In-situ Inspection and Repair using Dual-Arm System
One open problem in traditional additive manufacturing processes is the lack of in-situ process monitoring and inspection, which is caused by machinery executing scheduled trajectories and cannot react if an error occurs midway. To tackle this problem, our team designed a dual-robot-arm assembly that combined the sensing capability and manufacturing ability into one system by featuring a left arm utilizing a 2D laser profiler and a right arm equipped with a 3D printing head.
Leveraging the potential of dual robot collaboration, I have proposed a scan-plan-repair paradigm, enabling additive manufacturing technology to adjust the current process based on sensory feedback. The dual-arm system starts with acquiring information regarding the work progress by achieving 3D scan coverage of the working parts. My algorithm then initiates high-level planning by determining if defects have occurred on the working parts. Through point cloud registration and comparison, the planner identifies defects by finding the difference between the scanned and target models. The motion planner finally fixes any defects via non-planar 3D printing. One of the critical problems during this process was avoiding collision between the robot arms when collaborating. By identifying the collision geometries of both robot arms in real time and defining those volumes as critical sections, my dual-arm motion planner could successfully coordinate the two robot arms to repair multiple test pieces.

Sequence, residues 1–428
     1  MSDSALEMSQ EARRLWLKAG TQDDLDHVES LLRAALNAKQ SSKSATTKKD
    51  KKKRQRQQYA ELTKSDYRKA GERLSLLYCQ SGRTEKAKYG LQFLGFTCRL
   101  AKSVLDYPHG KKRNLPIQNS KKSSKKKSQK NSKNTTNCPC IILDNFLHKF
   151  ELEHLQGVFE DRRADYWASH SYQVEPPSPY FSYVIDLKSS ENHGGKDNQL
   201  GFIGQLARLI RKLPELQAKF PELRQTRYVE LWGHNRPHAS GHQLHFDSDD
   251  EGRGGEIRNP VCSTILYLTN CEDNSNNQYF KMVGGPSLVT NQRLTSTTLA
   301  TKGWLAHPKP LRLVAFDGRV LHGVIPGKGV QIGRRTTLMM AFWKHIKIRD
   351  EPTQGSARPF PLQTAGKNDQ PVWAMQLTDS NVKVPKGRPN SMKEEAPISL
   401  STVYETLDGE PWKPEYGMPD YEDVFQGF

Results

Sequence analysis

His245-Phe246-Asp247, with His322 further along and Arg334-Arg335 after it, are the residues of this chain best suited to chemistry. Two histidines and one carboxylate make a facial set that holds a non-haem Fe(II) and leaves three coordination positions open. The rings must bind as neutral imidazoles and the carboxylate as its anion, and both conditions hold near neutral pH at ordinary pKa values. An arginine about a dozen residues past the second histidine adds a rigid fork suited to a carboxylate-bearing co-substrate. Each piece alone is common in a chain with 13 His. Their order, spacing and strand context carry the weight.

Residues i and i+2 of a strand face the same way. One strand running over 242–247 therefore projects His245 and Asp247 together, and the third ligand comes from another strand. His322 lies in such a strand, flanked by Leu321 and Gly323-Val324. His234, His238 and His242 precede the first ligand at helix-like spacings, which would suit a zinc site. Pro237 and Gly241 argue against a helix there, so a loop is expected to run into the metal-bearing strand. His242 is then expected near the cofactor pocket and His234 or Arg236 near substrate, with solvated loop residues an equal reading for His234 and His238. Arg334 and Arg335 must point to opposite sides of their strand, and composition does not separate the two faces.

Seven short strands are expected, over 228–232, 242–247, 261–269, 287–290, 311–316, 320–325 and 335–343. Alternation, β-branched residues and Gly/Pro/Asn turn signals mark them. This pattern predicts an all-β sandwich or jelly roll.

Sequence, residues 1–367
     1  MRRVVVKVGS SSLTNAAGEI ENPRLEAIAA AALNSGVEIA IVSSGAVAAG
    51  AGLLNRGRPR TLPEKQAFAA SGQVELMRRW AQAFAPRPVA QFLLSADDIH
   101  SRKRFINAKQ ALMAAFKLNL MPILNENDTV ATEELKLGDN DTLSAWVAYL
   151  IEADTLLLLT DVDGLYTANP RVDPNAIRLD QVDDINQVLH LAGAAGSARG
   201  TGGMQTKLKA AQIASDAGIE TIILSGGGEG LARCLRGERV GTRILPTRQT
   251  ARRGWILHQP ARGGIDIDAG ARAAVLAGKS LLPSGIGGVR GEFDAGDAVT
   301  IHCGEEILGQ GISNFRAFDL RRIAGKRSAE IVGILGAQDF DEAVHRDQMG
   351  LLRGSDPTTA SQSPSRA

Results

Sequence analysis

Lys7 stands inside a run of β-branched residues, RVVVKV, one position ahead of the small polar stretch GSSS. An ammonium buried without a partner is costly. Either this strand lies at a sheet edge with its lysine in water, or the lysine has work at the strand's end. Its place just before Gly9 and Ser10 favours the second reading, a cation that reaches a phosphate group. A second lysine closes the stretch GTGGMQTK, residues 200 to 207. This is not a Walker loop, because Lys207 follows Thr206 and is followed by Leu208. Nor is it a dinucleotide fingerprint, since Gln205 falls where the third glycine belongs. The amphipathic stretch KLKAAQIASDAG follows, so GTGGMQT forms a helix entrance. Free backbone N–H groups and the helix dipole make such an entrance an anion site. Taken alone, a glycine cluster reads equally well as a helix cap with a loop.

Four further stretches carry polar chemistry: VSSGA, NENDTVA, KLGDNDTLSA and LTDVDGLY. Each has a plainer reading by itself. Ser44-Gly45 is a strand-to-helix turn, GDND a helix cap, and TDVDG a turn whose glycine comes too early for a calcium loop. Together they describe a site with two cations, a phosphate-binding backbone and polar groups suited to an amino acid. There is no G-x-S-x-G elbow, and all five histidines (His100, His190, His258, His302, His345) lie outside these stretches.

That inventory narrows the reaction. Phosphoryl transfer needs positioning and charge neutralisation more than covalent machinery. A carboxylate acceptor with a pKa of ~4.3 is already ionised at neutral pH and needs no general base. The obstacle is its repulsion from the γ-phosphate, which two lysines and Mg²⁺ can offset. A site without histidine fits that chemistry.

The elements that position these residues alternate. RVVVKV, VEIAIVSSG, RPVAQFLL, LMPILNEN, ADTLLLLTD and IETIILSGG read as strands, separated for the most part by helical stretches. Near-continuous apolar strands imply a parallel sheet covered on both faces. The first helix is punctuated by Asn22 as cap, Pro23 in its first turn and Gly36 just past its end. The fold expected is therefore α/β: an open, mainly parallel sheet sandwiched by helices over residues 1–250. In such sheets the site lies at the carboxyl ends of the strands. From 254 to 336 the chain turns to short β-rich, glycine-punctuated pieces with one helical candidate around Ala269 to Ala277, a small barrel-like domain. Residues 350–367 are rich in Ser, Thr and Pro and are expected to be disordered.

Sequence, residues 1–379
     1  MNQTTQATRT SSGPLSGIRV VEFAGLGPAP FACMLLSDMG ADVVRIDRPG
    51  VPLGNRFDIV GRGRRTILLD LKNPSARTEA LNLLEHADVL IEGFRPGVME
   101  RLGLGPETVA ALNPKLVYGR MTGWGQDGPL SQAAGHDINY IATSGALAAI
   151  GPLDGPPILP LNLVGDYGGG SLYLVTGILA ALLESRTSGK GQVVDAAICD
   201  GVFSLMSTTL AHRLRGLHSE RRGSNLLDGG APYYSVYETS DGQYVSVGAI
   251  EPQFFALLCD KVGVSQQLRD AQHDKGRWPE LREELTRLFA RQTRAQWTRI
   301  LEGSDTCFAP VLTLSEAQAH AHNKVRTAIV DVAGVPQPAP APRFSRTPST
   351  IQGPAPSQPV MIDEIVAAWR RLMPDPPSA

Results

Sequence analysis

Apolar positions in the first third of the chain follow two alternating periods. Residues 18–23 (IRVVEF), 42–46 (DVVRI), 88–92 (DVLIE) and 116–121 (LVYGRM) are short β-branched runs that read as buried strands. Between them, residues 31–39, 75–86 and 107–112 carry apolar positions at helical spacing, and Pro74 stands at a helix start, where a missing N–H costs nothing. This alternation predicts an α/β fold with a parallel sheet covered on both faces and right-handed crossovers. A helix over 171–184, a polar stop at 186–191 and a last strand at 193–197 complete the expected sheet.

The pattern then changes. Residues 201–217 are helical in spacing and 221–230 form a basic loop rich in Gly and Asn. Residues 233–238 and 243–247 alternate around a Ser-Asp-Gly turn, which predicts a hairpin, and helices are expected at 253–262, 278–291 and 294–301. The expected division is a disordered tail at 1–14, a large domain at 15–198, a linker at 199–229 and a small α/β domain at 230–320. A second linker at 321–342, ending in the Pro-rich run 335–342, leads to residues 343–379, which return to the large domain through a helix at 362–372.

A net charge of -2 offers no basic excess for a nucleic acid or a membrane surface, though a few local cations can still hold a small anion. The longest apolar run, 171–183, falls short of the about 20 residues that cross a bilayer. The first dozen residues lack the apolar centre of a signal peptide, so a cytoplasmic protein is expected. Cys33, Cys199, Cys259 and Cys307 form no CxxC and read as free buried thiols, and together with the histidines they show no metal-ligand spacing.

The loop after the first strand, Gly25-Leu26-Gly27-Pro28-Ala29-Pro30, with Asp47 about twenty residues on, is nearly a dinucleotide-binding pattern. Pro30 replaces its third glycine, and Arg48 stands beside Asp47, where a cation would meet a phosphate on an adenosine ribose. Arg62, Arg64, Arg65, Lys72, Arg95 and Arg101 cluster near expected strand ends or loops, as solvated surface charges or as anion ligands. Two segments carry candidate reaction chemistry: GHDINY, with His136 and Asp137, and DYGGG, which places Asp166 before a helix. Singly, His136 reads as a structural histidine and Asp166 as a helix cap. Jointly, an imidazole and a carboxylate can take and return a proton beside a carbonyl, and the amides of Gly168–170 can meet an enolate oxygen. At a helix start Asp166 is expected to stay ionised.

We have tested our work against multiple test pieces and yield satisfying results in terms of point cloud difference between ideal model and fixed model, as well as the quality of the 3D print. We are currently submitting our work to RSS'23 and please stay tuned for more updates!